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Pats 25, Bills 24: MNF Film Session

For folks that are new to Buffalo Rumblings, here's the scoop: after each Buffalo Bills regular season game, we'll do a film review session in which we look back at the game to pick out some minor details that we may have missed while watching the games live.  This is your film session for the Bills' 25-24 Monday Night Football loss to the New England Patriots.

Offense still missing a key ingredient.  As surprisingly efficient as Buffalo's offense was in New England, the team was still missing a significant key to fielding a potent attack - and that was getting their receivers involved.  Terrell Owens and Lee Evans need more looks.  Yes, each dropped passes, and yes, Trent Edwards was able to find big gainers to Fred Jackson underneath, but particularly in the case of Owens, he's your money maker.  He's your best player on offense.  I don't blame Edwards for throwing where he threw, because the Pats did a good job of taking away his top option on most non-screen passes.  The Bills just need to draw up more plays designed specifically for Owens and Evans.  Perhaps they had that up their sleeves for the final, ice-the-clock drive that never materialized.  It'd be nice to see both involved earlier in next week's game.

More defensive adjustments needed.  The Patriots were able to string together long, time-consuming drives in the second half because roughly 4 out of every 5 Tom Brady passes came at the back end of a three-step drop.  A defensive line consisting of Dwight Freeney, Mario Williams, Kevin Williams and Albert Haynesworth couldn't have pressured Brady in that situation.  Perry Fewell did dial up a few blitzes that forced Brady into some incompletions and bad passes, but those were so few and far between that it hardly mattered.  True, Brady should never have had the opportunity to win that game after the Bills took the 24-13 lead.  But we need much more out of Fewell's scheming in that situation.  (The one positive adjustment Fewell made, by the way, was against the run; NE's rushing attack was a non-factor for much of the game after the Bills gave up a few early runs.)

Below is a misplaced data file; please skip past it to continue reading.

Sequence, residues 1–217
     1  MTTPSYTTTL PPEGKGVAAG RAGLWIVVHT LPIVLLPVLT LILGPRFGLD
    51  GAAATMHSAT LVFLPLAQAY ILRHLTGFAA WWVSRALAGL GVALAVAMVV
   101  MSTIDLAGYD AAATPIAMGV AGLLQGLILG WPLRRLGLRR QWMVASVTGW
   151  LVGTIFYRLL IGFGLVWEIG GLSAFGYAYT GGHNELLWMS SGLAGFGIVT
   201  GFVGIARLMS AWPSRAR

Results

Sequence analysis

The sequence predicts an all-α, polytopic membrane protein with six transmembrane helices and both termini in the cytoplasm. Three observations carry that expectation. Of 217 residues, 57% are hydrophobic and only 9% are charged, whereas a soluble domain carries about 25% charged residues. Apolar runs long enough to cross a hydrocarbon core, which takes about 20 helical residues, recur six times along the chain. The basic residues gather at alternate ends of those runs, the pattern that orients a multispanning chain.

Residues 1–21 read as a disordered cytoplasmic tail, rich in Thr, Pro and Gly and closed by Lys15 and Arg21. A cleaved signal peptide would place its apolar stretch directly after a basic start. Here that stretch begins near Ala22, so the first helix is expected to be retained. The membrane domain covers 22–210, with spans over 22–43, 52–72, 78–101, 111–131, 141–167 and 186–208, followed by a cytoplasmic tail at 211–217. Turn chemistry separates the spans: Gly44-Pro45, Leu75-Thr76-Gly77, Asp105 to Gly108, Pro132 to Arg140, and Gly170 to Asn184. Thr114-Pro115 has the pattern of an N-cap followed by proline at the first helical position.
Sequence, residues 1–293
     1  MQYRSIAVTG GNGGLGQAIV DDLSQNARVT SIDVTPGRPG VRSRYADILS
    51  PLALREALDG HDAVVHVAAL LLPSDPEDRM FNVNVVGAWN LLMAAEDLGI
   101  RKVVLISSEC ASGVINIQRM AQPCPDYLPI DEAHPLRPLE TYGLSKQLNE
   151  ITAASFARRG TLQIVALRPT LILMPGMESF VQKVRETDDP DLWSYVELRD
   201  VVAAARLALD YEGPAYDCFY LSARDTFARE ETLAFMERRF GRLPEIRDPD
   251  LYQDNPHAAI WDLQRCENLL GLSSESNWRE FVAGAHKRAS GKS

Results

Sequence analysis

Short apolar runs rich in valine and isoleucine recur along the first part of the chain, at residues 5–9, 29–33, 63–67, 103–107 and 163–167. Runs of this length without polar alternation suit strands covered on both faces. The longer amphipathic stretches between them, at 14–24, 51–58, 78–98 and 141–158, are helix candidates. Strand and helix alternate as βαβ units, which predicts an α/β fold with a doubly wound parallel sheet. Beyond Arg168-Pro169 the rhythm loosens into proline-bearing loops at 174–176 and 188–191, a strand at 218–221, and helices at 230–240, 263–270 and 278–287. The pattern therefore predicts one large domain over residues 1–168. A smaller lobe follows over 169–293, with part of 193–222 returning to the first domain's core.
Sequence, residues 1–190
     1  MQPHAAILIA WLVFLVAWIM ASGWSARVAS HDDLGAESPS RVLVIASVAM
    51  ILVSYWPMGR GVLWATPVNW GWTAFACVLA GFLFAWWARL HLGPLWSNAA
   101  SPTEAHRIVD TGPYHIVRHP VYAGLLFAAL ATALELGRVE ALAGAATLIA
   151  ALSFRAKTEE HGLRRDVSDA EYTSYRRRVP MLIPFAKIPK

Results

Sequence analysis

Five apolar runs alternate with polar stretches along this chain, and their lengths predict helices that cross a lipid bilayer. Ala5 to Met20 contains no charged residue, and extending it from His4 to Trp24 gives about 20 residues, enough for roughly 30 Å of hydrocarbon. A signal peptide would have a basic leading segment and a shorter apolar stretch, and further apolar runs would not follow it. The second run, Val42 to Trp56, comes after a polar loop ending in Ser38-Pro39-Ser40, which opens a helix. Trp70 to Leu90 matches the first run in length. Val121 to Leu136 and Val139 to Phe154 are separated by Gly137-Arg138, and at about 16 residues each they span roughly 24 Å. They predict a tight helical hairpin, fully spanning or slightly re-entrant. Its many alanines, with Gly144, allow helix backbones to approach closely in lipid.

Demetrius Bell can play.  Yes, he had a lot of mental mistakes.  We covered that yesterday.  And yeah, he also had some pretty serious pass protection breakdowns in the second half - Edwards was hit far too often.  But I don't think I'm being hyperbolic when I say Bell is the most athletic tackle we've had here in years.  The dude can flat out run, and he was terrific on toss sweeps, routinely sealing the edge.  His technique is still lacking somewhat, but in playing the line's most difficult position in his first NFL start, he held up remarkably well.  He needs to get better, because there are much scarier ends he'll be facing in the next few weeks than Tully Banta-Cain.  My respect level for Bell increased somewhat when I saw him butting heads and jawing with Vince Wilfork - D-Bell is tough.  Wilfork, for the record, was so fired up that he encroached on the very next snap.